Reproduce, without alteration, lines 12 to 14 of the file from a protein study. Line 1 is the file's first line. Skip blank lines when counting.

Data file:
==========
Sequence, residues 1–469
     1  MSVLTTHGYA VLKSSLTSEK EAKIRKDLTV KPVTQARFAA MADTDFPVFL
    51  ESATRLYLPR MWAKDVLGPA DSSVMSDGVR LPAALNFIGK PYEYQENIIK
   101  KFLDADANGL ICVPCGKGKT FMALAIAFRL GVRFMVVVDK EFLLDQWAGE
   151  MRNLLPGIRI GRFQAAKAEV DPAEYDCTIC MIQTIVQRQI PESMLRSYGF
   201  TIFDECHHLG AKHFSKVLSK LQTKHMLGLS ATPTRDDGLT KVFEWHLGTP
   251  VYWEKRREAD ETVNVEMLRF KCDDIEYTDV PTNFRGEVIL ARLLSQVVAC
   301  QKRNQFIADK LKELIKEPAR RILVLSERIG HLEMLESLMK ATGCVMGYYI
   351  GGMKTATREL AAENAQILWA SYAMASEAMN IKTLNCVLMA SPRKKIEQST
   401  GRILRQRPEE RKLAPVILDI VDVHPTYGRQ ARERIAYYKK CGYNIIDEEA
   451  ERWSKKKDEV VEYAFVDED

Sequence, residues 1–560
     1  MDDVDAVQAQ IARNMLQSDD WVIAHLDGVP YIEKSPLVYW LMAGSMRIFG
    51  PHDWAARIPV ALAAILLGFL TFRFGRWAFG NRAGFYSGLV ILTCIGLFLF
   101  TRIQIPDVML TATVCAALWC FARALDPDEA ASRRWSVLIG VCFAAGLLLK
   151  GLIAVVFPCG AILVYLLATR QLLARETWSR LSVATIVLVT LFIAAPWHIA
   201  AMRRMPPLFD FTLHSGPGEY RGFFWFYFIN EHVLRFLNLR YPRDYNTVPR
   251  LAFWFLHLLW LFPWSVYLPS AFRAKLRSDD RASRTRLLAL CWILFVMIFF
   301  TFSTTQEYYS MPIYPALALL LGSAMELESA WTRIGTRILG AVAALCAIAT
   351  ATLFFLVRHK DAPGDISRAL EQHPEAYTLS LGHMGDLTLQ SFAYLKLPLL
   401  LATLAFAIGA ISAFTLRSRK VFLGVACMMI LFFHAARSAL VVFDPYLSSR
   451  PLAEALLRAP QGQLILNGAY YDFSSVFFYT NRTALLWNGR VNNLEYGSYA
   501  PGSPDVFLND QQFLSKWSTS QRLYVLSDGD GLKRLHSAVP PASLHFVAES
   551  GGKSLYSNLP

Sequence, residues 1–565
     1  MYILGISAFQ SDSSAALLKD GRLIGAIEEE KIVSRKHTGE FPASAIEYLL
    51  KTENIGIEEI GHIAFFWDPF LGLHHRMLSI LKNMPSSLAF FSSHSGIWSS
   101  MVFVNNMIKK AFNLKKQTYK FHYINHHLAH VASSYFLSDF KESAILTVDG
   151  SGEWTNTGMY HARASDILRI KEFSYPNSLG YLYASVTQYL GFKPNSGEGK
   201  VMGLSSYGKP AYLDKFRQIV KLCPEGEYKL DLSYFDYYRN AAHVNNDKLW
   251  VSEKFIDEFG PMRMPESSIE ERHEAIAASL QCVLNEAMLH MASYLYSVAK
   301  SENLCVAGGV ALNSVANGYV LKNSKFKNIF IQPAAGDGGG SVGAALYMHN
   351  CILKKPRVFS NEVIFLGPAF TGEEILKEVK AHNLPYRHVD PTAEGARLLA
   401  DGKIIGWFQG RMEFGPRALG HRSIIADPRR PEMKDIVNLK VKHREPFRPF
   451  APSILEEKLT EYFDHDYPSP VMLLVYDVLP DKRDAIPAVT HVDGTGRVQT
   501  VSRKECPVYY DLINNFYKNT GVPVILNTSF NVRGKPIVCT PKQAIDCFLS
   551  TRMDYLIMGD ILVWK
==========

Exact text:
Sequence, residues 1–560
     1  MDDVDAVQAQ IARNMLQSDD WVIAHLDGVP YIEKSPLVYW LMAGSMRIFG
    51  PHDWAARIPV ALAAILLGFL TFRFGRWAFG NRAGFYSGLV ILTCIGLFLF